Total Eclipse of the Sun postage stamp shines bright in Laramie debut
Thermal-powered postage stamp transforms with the heat from a fingertip
What: At a public ceremony in Laramie, WY, the United States Postal Service will unveil the Total Eclipse of the Sun Forever stamp . The ceremony will be the national debut of this first-of-its-kind stamp that transforms using the heat of a finger. By touching the stamp image of the eclipse, an underlying image of the Moon will be revealed. Once the stamp cools, the image reverts back to the eclipse. The stamp will be sold at Post Offices nationwide.
Tuesday, June 20, 2017, 1:30 P.M.
This event follows the University of Wyoming Art Museum’s annual summer solstice celebration from 11:30 a.m.-12:30 p.m. At exactly noon, the sun shines through a solar tube in the ceiling of the Rotunda Gallery and illuminates a silver dollar that is set into the center of the gallery’s floor.
(If you are coming, please so we can make sure you are properly accommodated)
University of Wyoming Art Museum
Dr. Madhulika Guhathakurta, NASA Astrophysicist
Chip Kobulnicky, University of Wyoming Department of Physics and Astronomy Professor
Fred Espenak, Photographer of stamp image, Eclipse expert
Kevin Romero, Acting District Manager, Colorado/Wyoming District, USPS
Jim Cochrane,, Chief Customer and Marketing Officer and Executive Vice President, USPS
A total eclipse of the Sun will occur on Aug. 21. The solar eclipse happens as the Moon completely blocks the visible solar disk from view, casting a shadow on Earth. Tens of millions of people in the United States hope to view this rare event, which has not been seen on the U.S. mainland since 1979. The eclipse will travel a narrow path across the entire country for the first time since 1918.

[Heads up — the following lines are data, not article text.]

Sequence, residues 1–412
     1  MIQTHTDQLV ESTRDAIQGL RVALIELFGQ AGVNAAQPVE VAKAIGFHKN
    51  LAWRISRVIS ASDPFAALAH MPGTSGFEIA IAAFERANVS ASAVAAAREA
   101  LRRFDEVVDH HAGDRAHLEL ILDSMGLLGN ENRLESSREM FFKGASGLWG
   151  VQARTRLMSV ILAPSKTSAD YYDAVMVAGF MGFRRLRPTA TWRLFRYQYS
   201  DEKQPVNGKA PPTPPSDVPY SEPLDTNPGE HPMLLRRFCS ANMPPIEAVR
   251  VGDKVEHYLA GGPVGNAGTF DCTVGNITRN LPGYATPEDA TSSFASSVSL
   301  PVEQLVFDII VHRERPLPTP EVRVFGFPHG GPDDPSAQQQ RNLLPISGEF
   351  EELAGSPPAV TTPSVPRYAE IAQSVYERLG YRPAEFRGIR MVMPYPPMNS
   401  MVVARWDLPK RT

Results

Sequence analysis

The 70-mile-wide shadow path of the eclipse, known as the “path of totality,” will traverse the country diagonally, appearing first in Oregon (mid-morning local time) and exiting some 2,500 miles east and 90 minutes later off the coast of South Carolina (mid-afternoon local time) passing through portions of 14 states.
The Total Eclipse of the Sun stamp image is from a photograph taken by retired NASA astrophysicist Fred Espenak of Portal, AZ, who is considered by many to be the world’s leading authority on total solar eclipses with 27 under his belt. The photograph shows a total solar eclipse seen from Jalu, Libya, on March 29, 2006.
“I’m honored to have my images on this unique stamp,” said Espenak, who began collecting eclipse stamps after witnessing his first as a teenager. “A total eclipse of the Sun is simply the most beautiful, stunning and awe-inspiring astronomical event you can see with the naked eye.”
The pane of 16 Forever stamps are available at Post Office facilities nationwide on June 20 and may also be ordered online for home delivery.
In the first U.S. stamp application of thermochromic ink, the Total Solar Eclipse stamps will reveal a second image. Using the body heat of your thumb or fingers and rubbing the eclipse image will reveal an underlying image of the Moon. The image reverts back to the eclipse once it cools.
Thermochromic inks are vulnerable to UV light and should be kept out of direct sunlight as much as possible to preserve this special effect. To help ensure longevity, the Postal Service is offering a special envelope to hold and protect the stamp pane for a nominal fee.
Art director Antonio Alcalá of Alexandria, VA, designed the stamp.
The Total Eclipse of the Sun stamp is being issued as a Forever stamp, which is always equal in value to the current First-Class Mail 1-ounce price.
The Postal Service receives no tax dollars for operating expenses and relies on the sale of postage, products and services to fund its operations.
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